16 Jul

A Prayer for those in Need

Passage: Psalm 70

But when the kindness and love of God our Savior appeared, he saved us, not because of righteous things we had done, but because of his mercy. Titus 3:4-5


What is something in your life currently that points to the world not being the way it’s supposed to be?

Read Psalm 70. What does this passage reveal to us about God and about the human condition?

Christianity is realistic about the problem with us and our world. It is also clear about the hope and help we have in Jesus. What phrases, ideas, or verses from Psalm 70 help you live in the tension of our “already but not yet” anticipation of heaven?

In Matthew 5:43-44 Jesus instructed his followers to love and pray for your enemies. How does Psalm 70 inform the way that you love and pray for your enemies?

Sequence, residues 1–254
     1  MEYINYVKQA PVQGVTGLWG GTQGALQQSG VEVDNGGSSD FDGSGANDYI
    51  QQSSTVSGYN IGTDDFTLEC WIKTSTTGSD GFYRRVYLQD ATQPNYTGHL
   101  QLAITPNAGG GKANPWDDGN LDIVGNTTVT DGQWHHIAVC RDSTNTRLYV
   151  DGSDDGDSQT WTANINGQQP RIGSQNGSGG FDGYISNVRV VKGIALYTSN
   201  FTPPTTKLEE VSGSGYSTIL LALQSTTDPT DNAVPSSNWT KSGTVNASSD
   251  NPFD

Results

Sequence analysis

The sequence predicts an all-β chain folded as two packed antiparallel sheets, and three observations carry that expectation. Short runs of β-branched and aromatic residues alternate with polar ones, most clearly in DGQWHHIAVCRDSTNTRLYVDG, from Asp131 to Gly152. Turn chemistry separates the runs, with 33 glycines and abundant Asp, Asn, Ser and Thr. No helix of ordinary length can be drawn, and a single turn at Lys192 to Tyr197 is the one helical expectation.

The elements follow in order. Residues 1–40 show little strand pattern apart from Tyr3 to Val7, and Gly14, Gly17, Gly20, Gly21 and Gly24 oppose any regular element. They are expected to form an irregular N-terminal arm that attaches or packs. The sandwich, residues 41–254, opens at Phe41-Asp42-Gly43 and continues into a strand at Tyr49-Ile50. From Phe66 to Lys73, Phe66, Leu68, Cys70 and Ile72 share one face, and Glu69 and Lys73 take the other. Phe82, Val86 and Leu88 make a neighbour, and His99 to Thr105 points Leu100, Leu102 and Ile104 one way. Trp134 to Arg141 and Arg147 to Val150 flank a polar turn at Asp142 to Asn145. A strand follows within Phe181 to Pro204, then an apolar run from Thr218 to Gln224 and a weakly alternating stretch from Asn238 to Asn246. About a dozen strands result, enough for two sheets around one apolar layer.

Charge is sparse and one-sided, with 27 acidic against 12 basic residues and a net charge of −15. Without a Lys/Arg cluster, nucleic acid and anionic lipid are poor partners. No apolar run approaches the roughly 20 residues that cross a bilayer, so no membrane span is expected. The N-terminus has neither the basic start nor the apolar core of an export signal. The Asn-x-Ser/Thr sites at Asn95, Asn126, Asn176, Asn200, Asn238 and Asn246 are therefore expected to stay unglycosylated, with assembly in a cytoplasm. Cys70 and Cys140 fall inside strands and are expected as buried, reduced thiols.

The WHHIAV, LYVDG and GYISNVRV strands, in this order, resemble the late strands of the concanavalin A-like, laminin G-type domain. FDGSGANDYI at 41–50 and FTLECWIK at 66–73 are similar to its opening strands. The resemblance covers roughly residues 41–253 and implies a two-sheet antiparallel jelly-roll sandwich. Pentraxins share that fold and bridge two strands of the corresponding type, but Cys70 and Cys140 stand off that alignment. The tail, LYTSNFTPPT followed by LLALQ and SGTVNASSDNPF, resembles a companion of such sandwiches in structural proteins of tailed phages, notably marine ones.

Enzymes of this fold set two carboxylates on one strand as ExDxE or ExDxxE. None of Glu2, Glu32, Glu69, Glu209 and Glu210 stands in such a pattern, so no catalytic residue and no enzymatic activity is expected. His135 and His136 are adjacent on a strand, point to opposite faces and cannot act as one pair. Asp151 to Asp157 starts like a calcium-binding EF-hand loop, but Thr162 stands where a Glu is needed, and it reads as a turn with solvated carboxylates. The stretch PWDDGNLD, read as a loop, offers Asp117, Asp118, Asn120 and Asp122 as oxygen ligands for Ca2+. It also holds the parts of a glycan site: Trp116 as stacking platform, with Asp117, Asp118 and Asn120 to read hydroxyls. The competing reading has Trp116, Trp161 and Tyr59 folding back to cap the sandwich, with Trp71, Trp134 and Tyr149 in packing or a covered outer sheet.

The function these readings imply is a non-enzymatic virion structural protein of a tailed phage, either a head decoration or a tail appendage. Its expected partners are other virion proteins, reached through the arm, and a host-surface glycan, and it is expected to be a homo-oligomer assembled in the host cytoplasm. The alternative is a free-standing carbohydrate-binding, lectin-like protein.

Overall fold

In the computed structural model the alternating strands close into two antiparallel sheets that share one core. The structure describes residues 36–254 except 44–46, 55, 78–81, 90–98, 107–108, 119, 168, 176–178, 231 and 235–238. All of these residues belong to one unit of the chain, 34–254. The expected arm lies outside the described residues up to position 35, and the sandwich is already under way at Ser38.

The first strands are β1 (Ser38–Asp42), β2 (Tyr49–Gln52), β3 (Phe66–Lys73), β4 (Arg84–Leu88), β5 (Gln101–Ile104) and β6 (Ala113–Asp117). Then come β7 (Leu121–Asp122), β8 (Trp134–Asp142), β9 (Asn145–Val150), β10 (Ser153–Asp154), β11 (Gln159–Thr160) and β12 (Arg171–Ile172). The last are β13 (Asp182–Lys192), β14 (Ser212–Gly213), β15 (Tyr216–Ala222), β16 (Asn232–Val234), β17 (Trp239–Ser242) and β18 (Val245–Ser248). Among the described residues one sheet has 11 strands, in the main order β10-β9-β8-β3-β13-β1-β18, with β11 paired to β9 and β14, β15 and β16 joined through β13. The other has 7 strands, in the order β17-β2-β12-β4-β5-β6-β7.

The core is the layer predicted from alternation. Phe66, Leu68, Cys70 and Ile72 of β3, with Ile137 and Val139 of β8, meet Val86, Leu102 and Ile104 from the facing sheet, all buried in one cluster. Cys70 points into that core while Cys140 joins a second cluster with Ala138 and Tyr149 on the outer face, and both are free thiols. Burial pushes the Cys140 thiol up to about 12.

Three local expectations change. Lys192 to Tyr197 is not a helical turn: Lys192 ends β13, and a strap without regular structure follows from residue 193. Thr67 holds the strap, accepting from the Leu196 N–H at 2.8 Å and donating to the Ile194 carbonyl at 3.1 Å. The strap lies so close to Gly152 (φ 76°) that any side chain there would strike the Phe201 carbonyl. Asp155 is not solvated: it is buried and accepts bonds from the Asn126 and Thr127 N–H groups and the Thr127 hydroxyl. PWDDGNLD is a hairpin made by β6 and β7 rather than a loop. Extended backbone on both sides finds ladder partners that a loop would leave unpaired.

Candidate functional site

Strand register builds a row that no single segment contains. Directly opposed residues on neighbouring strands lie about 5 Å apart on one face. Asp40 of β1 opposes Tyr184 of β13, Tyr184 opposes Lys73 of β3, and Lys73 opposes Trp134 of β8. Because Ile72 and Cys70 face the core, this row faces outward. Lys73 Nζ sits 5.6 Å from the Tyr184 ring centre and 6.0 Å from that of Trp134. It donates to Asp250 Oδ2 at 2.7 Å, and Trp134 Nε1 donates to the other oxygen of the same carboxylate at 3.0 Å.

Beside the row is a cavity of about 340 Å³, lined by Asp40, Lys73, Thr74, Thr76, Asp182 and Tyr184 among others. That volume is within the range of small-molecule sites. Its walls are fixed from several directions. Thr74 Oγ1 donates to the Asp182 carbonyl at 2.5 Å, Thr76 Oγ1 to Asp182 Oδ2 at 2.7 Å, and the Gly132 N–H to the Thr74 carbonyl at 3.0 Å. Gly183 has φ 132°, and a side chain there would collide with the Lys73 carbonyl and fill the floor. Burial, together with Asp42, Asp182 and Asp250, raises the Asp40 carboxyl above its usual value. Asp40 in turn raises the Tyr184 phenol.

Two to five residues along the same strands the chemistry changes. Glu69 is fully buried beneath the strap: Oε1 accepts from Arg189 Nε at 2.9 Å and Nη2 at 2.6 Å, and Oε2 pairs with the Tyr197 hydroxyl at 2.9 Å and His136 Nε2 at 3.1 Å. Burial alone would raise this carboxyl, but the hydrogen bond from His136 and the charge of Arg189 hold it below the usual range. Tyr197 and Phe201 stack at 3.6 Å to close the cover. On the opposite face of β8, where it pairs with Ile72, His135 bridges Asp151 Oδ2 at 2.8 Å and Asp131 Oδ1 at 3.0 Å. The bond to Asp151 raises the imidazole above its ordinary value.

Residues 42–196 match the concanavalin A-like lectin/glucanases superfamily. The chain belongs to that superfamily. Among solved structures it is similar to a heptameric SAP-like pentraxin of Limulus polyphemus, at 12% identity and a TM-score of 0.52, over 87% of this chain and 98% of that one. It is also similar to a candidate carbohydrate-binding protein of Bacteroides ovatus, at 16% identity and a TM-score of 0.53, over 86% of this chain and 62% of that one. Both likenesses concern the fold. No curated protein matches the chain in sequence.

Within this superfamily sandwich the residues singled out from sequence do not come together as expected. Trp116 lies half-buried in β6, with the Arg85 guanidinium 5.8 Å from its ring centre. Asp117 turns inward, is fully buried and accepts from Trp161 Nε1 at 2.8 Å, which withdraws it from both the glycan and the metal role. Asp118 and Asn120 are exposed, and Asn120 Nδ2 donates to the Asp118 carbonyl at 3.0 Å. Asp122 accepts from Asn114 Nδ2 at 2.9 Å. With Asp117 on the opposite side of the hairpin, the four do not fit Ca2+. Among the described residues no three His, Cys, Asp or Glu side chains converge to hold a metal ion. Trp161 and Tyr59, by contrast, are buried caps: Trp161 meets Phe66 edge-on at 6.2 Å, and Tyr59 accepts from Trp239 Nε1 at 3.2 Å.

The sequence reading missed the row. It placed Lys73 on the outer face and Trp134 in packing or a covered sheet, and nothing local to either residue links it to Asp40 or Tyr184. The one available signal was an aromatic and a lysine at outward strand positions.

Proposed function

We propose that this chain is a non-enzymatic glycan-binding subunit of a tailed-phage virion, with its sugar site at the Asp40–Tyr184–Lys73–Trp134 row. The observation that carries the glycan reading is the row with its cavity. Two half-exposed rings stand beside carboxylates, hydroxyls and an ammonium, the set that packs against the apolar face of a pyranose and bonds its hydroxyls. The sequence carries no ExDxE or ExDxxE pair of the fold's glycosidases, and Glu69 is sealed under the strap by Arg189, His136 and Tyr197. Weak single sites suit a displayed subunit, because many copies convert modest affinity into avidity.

Elisabeth Elliot wrote, “The secret is Christ in me, not me in a different set of circumstances.” Psalm 70:4 is a call to rejoice that is not based on glad circumstances but on the joy of the Lord. How do you practice rejoicing in this way? What helps you to rejoice even in difficult circumstances? How does this impact you?

David describes himself as “poor and needy” (Psalm 70:5) right after describing God with “the Lord is great!” (Psalm 70:4). Read the parable Jesus told in Luke 18:9-14. This is a picture of rightful humility. How does it look, sound, and impress you? How can we encourage this perspective and identity personally, as a community group, and as a church?


Spend time praying for Covenant Church: for fellowship with the risen Jesus, spiritual renewal and refreshment, for thankful hearts, for wisdom, faithfulness, and a commitment to do justice and show mercy.

Share with your group how they can be praying for you: what is weighing on you from this past week? What are you praising God for from this past week?

“May the God of hope fill you with all joy and peace as you trust in him, so that you may overflow with hope by the power of the Holy Spirit.” Romans 15:13